–Why Robert J. Samuelson wants to cut Social Security, Medicare and Medicaid. Monday, Mar 7 2011 

The debt hawks are to economics as the creationists are to biology. Those, who do not understand Monetary Sovereignty, do not understand economics. If you understand the following, simple statement, you are ahead of most economists, politicians and media writers in America: Our government, being Monetarily Sovereign, has the unlimited ability to create the dollars to pay its bills.

Robert J. Samuelson is a weekly columnist for The Washington Post, writing on political, economic and social issues. His column usually appears on Wednesdays. Add his name to the long list of economics writers who are ignorant of Monetary Sovereignty, the basis of all modern economics.

In a March 7, 2011 column titled, “Why Social Security is Welfare,” he makes the following comments:

Recall that Social Security, Medicare and Medicaid, the main programs for the elderly, exceed 40 percent of federal spending. Exempting them from cuts – as polls indicate many Americans prefer – would ordain massive deficits, huge tax increases or draconian reductions in other programs. That’s a disastrous formula for the future.

Yes, Robert, not cutting Social Security, Medicare and Medicaid would “ordain” (?) deficits. However, because the U.S. now is Monetarily Sovereign, there is zero connection between deficits and taxes. For your benefit, Robert, I’ll say again what you as an economics writer already should know: “Federal taxes do not pay for federal spending.”

And so far as those draconian reductions in other programs, why do you believe a nation with the unlimited ability to create dollars, needs to cut spending, when inflation is nowhere in sight?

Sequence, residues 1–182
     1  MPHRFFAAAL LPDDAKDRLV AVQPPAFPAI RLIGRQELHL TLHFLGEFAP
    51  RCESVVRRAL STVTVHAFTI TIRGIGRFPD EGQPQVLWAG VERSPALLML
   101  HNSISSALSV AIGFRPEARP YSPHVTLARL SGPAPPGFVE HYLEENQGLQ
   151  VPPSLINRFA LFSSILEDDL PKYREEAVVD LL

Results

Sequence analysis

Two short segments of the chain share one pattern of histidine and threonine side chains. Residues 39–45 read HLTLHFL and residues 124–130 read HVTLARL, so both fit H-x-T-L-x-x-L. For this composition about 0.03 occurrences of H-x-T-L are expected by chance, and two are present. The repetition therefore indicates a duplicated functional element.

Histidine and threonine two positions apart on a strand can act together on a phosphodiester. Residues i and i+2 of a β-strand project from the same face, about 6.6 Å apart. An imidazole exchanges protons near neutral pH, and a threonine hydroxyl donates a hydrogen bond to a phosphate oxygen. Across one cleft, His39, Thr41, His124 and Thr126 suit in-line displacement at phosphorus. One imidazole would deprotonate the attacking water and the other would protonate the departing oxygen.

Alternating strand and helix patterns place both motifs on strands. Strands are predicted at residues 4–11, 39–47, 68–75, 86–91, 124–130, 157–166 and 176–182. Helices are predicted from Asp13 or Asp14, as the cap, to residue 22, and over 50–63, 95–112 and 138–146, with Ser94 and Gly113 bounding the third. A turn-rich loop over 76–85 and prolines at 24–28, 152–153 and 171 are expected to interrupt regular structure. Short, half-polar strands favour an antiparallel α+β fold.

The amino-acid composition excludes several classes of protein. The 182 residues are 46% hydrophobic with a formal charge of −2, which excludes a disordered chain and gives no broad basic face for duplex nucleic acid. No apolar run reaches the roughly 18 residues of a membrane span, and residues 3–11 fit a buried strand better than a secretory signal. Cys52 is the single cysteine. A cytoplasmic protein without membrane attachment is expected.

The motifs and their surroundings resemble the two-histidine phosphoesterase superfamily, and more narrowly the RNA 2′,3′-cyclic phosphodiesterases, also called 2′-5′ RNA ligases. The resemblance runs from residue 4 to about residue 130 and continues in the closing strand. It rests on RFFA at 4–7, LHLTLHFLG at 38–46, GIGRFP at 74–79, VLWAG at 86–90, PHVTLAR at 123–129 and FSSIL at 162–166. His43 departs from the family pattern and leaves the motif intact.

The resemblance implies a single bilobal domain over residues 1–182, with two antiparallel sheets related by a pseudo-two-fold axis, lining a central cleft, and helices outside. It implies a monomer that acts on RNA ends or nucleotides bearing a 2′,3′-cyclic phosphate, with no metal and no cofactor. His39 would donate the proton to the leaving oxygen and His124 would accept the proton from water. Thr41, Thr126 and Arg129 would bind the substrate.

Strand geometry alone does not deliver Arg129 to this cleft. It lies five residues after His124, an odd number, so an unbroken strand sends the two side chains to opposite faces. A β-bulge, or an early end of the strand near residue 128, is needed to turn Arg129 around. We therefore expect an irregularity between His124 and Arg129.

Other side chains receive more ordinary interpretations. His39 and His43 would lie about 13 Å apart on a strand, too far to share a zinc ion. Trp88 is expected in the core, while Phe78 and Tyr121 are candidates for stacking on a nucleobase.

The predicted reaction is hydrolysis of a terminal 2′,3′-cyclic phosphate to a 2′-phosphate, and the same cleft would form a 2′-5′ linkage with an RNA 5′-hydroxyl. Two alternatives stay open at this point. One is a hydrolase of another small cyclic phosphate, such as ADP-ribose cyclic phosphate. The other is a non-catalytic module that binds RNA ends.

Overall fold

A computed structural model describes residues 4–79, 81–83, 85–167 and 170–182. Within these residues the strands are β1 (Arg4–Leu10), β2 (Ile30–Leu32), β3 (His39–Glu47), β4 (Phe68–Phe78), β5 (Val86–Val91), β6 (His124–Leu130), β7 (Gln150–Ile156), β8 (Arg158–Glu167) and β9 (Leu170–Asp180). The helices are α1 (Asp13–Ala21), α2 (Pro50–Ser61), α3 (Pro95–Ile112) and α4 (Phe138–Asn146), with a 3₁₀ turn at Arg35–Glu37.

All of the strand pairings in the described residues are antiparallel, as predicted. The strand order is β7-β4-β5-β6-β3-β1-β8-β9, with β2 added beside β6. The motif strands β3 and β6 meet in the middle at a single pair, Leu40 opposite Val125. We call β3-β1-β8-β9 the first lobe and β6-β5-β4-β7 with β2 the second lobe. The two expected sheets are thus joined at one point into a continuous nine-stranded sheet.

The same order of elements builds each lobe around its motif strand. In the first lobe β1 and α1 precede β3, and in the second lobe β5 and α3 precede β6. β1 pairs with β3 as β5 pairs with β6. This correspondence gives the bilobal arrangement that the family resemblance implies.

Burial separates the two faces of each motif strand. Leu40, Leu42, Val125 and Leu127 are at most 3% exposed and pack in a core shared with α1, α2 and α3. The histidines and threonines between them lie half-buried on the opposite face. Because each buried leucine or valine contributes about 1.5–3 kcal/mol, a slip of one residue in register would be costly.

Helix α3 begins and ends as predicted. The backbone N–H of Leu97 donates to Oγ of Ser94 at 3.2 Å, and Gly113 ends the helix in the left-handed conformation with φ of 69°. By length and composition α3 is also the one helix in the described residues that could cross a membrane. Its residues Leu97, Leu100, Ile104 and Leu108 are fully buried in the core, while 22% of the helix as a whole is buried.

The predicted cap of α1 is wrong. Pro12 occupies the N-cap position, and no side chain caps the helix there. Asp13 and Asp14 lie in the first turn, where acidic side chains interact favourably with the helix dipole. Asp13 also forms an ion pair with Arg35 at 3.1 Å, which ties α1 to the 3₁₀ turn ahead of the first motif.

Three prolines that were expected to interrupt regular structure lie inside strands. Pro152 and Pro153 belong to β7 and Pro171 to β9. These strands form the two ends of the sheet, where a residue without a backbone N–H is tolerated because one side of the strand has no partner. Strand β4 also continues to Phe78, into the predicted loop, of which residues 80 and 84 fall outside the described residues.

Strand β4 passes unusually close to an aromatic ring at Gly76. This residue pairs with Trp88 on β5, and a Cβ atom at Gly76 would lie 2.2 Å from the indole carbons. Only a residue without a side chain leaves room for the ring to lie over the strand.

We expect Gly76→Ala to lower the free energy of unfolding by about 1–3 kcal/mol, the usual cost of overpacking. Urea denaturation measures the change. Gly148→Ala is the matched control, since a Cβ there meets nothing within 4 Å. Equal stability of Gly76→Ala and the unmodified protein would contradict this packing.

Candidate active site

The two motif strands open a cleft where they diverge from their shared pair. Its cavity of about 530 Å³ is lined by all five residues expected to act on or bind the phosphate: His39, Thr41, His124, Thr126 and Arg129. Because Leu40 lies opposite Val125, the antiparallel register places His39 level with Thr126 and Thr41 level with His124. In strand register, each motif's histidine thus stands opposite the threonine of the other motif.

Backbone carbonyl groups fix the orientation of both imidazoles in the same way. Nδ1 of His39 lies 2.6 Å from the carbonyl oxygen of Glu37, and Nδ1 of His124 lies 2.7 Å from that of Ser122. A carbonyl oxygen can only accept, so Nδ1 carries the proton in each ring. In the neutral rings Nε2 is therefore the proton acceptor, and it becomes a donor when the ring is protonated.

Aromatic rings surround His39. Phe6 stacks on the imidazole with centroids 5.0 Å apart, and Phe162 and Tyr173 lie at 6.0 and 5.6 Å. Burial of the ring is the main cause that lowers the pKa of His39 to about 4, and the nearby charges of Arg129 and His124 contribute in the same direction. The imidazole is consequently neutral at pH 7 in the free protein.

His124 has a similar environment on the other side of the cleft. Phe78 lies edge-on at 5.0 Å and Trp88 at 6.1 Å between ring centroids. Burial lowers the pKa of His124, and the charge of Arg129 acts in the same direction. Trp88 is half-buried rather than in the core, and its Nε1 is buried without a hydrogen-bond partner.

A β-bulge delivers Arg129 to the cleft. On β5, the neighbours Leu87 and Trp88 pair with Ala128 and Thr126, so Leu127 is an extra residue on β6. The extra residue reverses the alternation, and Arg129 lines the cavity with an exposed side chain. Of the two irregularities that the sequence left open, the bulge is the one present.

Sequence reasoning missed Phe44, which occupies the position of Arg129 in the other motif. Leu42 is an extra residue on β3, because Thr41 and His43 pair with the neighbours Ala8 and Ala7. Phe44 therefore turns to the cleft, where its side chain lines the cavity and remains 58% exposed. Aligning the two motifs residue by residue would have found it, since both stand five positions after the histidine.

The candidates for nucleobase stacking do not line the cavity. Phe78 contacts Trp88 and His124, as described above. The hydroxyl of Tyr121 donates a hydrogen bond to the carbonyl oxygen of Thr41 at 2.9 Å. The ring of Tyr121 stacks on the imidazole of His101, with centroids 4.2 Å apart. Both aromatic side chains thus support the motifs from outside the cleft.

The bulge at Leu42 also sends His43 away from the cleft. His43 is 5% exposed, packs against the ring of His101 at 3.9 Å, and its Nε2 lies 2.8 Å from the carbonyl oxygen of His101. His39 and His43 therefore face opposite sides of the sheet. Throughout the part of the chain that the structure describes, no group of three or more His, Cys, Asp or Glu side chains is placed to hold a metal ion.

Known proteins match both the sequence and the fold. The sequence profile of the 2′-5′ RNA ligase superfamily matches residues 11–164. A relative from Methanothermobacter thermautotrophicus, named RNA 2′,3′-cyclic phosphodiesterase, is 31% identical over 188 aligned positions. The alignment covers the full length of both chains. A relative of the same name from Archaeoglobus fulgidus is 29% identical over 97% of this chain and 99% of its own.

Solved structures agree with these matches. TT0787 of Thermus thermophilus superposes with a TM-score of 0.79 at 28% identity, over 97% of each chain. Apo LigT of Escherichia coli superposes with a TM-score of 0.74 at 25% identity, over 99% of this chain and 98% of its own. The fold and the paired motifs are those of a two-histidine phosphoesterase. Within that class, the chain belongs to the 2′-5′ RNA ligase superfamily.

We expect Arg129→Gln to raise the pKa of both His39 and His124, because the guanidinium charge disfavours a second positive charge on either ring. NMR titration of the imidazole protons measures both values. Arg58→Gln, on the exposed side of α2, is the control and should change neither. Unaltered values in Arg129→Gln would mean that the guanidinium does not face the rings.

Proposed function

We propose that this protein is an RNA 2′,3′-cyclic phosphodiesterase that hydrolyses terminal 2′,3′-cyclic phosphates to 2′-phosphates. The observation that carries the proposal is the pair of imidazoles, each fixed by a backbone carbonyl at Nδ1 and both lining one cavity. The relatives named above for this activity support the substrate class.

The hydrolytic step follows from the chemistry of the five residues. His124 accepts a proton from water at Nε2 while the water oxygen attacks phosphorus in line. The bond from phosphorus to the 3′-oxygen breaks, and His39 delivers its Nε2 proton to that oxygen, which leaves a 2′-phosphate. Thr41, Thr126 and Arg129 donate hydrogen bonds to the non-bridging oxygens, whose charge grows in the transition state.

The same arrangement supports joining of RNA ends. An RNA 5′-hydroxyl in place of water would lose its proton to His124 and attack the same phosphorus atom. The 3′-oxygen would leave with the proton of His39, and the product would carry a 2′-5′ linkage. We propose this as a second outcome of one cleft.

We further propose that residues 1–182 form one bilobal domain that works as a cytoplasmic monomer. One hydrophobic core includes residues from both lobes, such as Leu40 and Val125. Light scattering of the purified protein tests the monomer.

Here is how I define a welfare program: First, it taxes one group to support another group. . .

Robert, now repeat after me until you get it: “Federal taxes do not pay for federal spending.” State taxes do pay for state spending, and city taxes do pay for city spending. The states and cities are not Monetarily Sovereign. But, federal taxes do not pay for federal spending. In fact, FICA could be eliminated, and this would not reduce by even one penny, the federal government’s ability to support this program – even were benefits doubled.

Since the 1940s, Social Security has been a pay-as-you-go program. Most benefits are paid by payroll taxes on today’s workers.

Things have changed markedly since the 1940’s, and Robert has not kept up with the changes. In August, 1971, one of the biggest economic changes in our lives occurred. We became Monetarily Sovereign. At that instant, Social Security ceased being a “pay-as-you-go” program, because FICA no longer supported benefits. In a Monetarily Sovereign nation, tax dollars are destroyed upon receipt. They do not, and cannot, support federal spending.

Think about it, Robert. Why would a government with the unlimited ability to create dollars, need to use taxes to pay for anything? It makes absolutely no sense. Sadly, Robert still lives in a gold-standard (aka “flat-earth”) world.